End of life planning made easier.

End of life decisions and next Tuesday’s food.

Dr Rebecca Sudore

Dr Rebecca Sudore and me Kathy Kastner

Dr Rebecca Sudore: changing focus from planning end of life to preparing for end of life decisions

An Associate Professor In-Residence in the Division of Geriatrics at University of San Francisco, the impossibly young Dr Sudore is dedicated to helping vulnerable older adults and their families make informed medical decisions, especially for advance care planning and at the end-of-life

Dr Sudore, at a University of Toronto Bioethics Speakers series, used this question to illustrate the impossibility of meaningful planning for life’s end:

‘Do you know what you’re going to eat next Tuesday? The answer: ‘it depends’.

And so it is in planning for what’s essentially the unknowable in the end of life journey. Dr Sudore’s objective instead is: prepare for decision-making. Seemingly simple questions, says she, open the floodgates.

  • Is there anyone you’d trust to make medical decisions?
  • Do they know?
  • What have you talked about with them?

50%-76% will be unable to make our own end of life medical decisions

The importance of conversations with the surrogate can’t be emphasized enough. Even so,having spoken to dozens of surrogates as part of her research, the findings are distressing and revealing:

Many surrogates don’t want the role.

Sudore thinks it of paramount importance to ask the question of patients:

Are you ok with your surrogate making ‘in the minute’ decisions?

Giving your surrogate permission to override or change your wishes – putting flexibility or leeway right into your Advance Directives – can make the difference between a surrogate adjusting to loss or suffering from Post Traumatic Stress Disorder. Dr Sudore gives, as an example, this discussion with her own grandparents. At the time, Rebecca’s beloved grandpa had been in the hospital after a fall.

“Since none of his own healthcare providers had spoken to him about his preferences, wishes I reluctantly took on the task. He very clearly said: ‘I don’t want any interventions I don’t want to be revived. I’m ready to go’. I turned to my grandma: ‘If Grandpa collapsed now, what would you do?’ Without a beat she said: ‘I’d do everything I could to keep him alive.’ ‘Grandpa, did you hear what Grandma said – in spite of hearing your wishes?’ Said Grandpa: ‘If grandma needs to do CPR etc, she’s the one who has to live with her decisions.’ ”

And so it happened: Grandpa went into the hospital, didn’t survive CPR. Grandma felt she did everything she could, and was at peace.

My own focus is considering the repercussions and consequences of any given treatment, so was happy to hear Dr Sudore make the point:

It’s not the treatment it’s the outcome: How will life be? How weak will I be, will I be able to get out of bed? Take a bath? She calls her fellow providers ‘interpreters’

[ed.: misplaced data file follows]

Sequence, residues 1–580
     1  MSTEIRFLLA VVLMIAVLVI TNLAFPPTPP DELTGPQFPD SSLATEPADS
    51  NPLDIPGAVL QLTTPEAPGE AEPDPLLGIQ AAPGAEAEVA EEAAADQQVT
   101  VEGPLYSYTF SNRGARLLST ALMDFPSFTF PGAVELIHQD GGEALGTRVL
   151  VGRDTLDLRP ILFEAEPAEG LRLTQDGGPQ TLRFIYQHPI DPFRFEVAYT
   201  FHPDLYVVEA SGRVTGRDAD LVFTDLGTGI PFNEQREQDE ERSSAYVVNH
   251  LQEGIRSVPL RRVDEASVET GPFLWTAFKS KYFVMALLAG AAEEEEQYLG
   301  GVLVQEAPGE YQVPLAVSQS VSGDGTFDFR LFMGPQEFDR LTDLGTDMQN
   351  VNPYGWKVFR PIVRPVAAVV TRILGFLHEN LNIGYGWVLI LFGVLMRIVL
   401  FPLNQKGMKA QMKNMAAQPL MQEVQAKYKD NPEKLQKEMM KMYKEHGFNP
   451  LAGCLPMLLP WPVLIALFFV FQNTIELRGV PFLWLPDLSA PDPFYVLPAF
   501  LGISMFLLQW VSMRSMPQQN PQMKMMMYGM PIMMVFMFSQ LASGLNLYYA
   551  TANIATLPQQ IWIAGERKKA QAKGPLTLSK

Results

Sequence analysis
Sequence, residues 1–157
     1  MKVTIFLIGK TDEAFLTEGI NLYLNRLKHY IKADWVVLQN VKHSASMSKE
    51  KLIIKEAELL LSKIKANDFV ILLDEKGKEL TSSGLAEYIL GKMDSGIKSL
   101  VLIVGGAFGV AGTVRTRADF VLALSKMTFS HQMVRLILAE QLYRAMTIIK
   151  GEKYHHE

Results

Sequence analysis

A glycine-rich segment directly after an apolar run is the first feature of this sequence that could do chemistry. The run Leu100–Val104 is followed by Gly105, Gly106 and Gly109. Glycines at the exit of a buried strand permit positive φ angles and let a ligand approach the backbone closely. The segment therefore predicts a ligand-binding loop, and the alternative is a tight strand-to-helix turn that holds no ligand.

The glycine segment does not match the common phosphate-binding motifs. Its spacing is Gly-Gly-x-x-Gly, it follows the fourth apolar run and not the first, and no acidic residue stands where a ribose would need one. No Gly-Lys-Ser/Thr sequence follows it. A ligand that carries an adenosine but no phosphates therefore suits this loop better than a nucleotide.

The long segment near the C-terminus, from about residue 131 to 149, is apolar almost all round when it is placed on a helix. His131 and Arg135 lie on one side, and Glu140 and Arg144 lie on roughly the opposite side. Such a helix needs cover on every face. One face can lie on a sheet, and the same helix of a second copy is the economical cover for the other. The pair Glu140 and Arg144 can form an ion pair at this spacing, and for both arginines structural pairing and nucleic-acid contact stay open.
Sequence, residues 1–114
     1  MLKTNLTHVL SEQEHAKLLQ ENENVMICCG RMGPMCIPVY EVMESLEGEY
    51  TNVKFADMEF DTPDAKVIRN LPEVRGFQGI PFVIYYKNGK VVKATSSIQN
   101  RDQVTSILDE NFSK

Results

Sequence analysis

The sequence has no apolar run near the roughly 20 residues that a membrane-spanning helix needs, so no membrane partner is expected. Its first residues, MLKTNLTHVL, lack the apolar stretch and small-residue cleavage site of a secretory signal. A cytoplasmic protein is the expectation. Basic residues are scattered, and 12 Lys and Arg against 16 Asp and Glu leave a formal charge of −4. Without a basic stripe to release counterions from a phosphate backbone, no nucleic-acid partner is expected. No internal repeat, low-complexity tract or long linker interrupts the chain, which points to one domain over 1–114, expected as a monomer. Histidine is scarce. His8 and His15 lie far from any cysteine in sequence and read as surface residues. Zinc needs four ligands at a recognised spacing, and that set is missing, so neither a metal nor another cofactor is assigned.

“I put forward a ‘spectrum’ of outcomes, literally opening my arms to demonstrate the range of preferences and asking where are you on the spectrum: from, ‘life is always worth living’ to ‘I wouldn’t want to live if…’ ”

She then uses reverse teach-back – a term applied when patients repeat – or teach back – to the healthcare professional what’s just been explained to the patients. Reversing teach-back, Sudore ‘interprets’: “Based on what you’ve told me, this is what you would/wouldn’t want.”

‘Irreversible’ or ‘Terminal’ are often hard to determine.

Advance Directives are too vague for ‘in the minute’ decisions – the many unexpected situations where  patients preferences change because the context changes. An example:

A woman treated for  cancer whose wishes were Do Not Revive, Do Not Intubate (DNR/DNI). When chemo gave her heart failure and doctors thought they could treat this unexpected complication, she changed her mind – the result of a change of context.

Dr Sudore asks questions I’ve been suggesting, in my role on end of life steering committees:

  • What are you worried about?
  • What are you hoping for?
  • What brings you joy?

Since these conversations are still extremely tough for most healthcare providers, Dr Sudore instructs them to memorize a few questions, as one would a script. This, she says, has helped immeasurably. She also strongly instructs healthcare providers to ‘leave your own agenda at the door.’

Dr Sudore then said the words it’s been my mission to impart to those that simply promote having the conversation:

“Patients are not provided the knowledge nor taught the skills to tell (or write) their medical preferences for end of life care.” The hope is that her prepareforyourcare website can change that.

She adds, “By patients, I mean people.”

 

Suggested reading:  Infections in the elderly: are antibiotics always the answer?

Heart Failure Patients and End of Life Considerations

 

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